COFFEE SUBSCRIPTION BUILDER

step 1
step 2
step 3
step 4
step 5
step 6

SELECT HOW MANY BAGS OF EACH TYPE BELOW.

COFFEE SUBSCRIPTION BUILDER

step 1
step 2
step 3
step 4
step 5
step 5

SELECT HOW MANY BAGS OF EACH TYPE BELOW.

Custom Roaster Series - Part 4

April 01, 2018

Custom Roaster Series - Part 4

For the 4th installation of #customroasterseries, about our 45kg coffee roaster that we finished designing and building last summer (after 3 years of work!), I’ll be talking about our custom roast control software.

My day job prior to the coffee business was embedded software engineering, so while tasks like designing the combustion system required consultation with combustion and mechanical engineers, the electronics and software controls are my comfort zone. For this reason, I would say that our control system is what most sets our roaster apart from all others I’ve come across.

The first unique feature of our system is that the logging and control systems are fully integrated. Most speciality coffee roasting companies are using data logging setups like Cropster, but they still need to manually execute their roaster power changes outside the tool and “record” them in Cropster. Even the most attentive operators will miss-mark moves with the wrong value or time. With our system, when you mark a power change, it both logs it and executes it in the same instant. The 2nd problem is missing moves. Again, even the most focused coffee roaster needs to attend to other tasks while roasting, such as weighing out subsequent batches or color scanning. To ensure moves are never missed, our system has a feature to automatically execute the power moves of a reference profile.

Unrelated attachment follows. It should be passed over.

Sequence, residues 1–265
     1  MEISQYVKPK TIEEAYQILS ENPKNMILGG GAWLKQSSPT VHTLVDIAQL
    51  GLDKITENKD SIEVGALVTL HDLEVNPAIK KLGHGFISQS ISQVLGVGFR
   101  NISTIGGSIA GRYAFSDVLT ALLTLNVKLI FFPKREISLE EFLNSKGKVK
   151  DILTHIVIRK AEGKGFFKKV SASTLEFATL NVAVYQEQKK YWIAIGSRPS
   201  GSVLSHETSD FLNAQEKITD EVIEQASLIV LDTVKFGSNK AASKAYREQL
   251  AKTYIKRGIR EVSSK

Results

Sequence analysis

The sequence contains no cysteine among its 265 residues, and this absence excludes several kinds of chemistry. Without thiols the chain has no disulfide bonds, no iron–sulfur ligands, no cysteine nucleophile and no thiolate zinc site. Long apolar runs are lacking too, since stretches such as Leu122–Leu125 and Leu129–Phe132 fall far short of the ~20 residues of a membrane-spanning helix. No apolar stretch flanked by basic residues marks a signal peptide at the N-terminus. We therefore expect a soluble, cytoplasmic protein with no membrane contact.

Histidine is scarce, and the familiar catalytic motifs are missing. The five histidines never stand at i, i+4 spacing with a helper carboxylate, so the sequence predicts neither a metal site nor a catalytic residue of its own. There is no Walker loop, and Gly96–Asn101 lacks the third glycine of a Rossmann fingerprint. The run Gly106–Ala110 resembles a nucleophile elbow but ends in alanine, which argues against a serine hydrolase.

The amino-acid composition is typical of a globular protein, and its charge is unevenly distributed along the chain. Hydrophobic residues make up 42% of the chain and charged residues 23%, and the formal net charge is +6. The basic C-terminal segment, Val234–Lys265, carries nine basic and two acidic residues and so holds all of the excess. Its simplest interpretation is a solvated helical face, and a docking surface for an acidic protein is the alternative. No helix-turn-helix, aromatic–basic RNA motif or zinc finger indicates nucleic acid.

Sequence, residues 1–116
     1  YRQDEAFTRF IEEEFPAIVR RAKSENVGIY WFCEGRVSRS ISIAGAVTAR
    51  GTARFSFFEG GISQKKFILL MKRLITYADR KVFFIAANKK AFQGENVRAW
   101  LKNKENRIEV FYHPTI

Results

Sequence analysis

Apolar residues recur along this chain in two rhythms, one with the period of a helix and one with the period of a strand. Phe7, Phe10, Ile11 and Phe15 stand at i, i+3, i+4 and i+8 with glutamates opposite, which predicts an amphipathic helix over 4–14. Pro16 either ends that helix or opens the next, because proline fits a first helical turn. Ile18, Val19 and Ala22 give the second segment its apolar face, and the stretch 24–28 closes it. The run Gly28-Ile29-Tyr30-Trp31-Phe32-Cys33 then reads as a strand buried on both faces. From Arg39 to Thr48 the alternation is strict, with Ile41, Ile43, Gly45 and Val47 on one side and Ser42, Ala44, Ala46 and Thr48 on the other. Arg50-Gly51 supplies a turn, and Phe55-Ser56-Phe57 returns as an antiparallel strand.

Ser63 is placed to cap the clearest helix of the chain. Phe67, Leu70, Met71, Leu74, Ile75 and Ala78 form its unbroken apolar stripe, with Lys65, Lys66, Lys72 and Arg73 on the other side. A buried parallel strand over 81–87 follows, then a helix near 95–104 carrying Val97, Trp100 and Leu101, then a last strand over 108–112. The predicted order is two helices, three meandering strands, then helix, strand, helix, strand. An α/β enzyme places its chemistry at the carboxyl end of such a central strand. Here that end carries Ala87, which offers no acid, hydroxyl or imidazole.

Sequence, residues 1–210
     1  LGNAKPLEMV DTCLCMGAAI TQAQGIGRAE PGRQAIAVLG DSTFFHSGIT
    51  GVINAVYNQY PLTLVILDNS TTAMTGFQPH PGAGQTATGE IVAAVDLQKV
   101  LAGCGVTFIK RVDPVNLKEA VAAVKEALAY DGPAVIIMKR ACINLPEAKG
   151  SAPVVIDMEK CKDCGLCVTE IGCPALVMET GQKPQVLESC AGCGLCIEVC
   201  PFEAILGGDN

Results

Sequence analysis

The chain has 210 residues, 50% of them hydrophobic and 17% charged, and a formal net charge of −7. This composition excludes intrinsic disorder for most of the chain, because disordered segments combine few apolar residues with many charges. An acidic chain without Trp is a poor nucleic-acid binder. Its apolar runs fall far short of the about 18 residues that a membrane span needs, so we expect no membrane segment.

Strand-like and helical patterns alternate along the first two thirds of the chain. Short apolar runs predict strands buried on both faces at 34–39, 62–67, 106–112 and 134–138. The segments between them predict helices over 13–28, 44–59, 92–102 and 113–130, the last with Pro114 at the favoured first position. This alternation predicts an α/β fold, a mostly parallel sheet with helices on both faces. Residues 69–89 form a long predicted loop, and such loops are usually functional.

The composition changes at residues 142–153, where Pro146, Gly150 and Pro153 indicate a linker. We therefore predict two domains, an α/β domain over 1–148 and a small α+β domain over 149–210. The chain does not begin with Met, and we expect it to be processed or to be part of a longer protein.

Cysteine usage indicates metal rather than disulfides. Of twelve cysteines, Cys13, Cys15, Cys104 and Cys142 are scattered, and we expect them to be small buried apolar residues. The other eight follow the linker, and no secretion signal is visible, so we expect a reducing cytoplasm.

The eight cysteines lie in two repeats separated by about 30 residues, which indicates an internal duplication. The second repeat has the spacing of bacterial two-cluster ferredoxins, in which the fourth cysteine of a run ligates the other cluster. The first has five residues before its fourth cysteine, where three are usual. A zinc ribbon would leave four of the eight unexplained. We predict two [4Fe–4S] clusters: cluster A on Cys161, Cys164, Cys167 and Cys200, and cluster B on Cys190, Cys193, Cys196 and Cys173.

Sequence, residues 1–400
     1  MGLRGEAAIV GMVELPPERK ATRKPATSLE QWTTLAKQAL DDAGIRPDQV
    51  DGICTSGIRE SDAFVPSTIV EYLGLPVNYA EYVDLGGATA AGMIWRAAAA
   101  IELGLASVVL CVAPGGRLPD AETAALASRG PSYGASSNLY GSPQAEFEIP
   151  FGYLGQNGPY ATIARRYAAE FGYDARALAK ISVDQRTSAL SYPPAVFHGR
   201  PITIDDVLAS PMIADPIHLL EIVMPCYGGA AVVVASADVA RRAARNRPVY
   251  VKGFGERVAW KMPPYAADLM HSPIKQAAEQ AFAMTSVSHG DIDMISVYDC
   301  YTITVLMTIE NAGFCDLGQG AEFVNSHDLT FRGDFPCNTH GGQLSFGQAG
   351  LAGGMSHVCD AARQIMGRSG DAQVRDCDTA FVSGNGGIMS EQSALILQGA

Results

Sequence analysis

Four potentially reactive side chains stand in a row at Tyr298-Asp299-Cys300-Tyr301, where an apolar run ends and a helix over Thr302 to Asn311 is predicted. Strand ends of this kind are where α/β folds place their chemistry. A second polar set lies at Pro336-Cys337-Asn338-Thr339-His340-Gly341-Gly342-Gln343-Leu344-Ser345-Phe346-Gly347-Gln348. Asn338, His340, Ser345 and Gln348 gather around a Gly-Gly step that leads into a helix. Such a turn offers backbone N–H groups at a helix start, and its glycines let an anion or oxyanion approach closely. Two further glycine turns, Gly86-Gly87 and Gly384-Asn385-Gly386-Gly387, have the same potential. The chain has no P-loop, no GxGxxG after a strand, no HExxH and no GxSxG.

You might ask: why don’t you just automate the process to follow a reference profile? This is my goal, however there are a number of considerable challenges to overcome. First off, the auto systems I’ve seen execute a PID algorithm on a temperature (such as the bean temperature). This creates erratic and aggressive power variations in an attempt to control a slow responding variable (like the bean temperature). Also, we’ve clearly seen that just because the same bean curve is achieved doesn’t mean the same roast is achieved. I would argue that the same roast can only be achieved if all of the same roast parameters are obtained: the same bean temperature, environment temperature and power (gas) profile (and cooling). This elegant reproduction of a roast is the holy grail, and what we seek.

-Phil


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